Networks are shifting from the model of moving power from large clusters of centralized generation to loads—like communities being powered by the coal-fired plants in Victoria’s Latrobe Valley—to where new generation is now being spread out across the network, frequently further from load centers. Intermittent solar and wind projects are being sited where the resources are most abundant, but frequently in areas where the lines weren’t designed to accommodate those power flows. The flood of new decentralized generation—in particular solar, which follows similar generation curves—is putting the equivalent of heavy highway traffic onto smaller country roads.
Meanwhile, if a coal plant is retired for economic reasons or when it reaches the end of its life, existing transmission lines can be left with capacity to spare. Bloomberg New Energy Finance found that nearly 50 percent of Australia’s coal plants will reach their end of life between 2030 and 2040, if not taken offline beforehand.
This redrawing of the map is leading to two key trends: first, additional transmission capacity is needed on a few key transmission lines on specific areas of the grid; and second, excess transmission capacity (e.g., underutilized lines) elsewhere on the grid may become stranded assets—which won’t be needed but still have to be paid for—especially in areas where renewables in one area continue to supplant traditional large power generation sources in another.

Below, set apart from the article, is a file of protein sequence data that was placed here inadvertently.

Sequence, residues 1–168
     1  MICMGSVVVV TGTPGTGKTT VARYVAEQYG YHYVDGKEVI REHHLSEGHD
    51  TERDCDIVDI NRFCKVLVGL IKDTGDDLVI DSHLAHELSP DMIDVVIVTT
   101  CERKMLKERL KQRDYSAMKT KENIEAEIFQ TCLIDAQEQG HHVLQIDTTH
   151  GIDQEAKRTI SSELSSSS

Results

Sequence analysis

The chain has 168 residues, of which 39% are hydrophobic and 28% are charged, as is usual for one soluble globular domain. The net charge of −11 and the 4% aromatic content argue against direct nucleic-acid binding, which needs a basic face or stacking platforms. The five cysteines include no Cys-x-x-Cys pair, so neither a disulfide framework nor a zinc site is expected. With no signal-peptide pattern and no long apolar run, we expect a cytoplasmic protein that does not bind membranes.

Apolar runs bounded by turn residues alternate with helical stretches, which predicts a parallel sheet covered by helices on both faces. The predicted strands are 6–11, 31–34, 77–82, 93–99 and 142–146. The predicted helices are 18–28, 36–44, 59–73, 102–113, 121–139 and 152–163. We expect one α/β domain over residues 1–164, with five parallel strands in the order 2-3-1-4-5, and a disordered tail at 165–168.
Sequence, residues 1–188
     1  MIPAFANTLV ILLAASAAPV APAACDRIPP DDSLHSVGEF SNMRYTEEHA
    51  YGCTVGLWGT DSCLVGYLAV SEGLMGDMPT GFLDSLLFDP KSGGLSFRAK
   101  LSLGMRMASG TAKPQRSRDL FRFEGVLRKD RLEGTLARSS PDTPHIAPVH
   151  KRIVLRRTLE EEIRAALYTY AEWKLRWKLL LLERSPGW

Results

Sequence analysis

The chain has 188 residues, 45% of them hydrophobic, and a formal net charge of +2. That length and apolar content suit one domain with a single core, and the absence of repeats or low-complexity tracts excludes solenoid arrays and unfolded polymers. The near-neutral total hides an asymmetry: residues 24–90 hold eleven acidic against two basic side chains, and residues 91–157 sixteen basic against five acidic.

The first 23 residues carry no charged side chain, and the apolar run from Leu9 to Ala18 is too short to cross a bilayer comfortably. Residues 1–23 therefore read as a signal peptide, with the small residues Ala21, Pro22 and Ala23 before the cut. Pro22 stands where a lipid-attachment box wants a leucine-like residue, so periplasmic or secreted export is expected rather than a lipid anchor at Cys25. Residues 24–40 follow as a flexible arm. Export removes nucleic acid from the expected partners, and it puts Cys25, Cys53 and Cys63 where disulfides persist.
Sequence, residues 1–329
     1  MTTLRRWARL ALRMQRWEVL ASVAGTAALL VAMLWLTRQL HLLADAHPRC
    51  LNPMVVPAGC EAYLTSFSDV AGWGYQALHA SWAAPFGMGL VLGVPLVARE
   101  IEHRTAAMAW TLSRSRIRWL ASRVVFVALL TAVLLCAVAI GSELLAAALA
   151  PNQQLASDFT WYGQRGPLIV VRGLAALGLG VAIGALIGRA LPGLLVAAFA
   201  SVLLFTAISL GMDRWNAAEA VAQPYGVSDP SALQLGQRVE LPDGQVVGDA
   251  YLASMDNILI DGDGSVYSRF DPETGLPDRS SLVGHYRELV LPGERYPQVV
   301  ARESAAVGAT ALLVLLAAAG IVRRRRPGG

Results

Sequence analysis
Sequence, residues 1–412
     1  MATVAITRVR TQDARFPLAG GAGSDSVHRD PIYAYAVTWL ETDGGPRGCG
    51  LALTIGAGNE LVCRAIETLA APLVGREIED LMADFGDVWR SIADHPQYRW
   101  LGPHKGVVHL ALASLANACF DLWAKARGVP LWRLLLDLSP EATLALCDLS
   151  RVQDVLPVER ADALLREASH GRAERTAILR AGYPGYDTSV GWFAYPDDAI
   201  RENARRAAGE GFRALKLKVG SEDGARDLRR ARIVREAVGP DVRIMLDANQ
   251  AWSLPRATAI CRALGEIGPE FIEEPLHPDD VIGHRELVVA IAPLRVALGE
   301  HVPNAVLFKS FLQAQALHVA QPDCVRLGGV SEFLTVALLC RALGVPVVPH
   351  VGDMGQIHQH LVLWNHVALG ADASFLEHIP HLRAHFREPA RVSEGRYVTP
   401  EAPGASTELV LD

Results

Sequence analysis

Both of these are problematic for network companies. While the first issue means they should find ways to address transmission shortages quickly—as on the interstate transmission lines—stranded assets are a more complicated problem. If existing assets are shown to be underutilized and aren’t providing as much value as originally expected, network companies will come under greater pressure to spend capital diligently as they work to address network capacity shortage issues. Changes in generation patterns (i.e., from coal to renewables, hydro and gas) are becoming more sustained, which is increasing the risk of some transmission or distribution assets becoming stranded.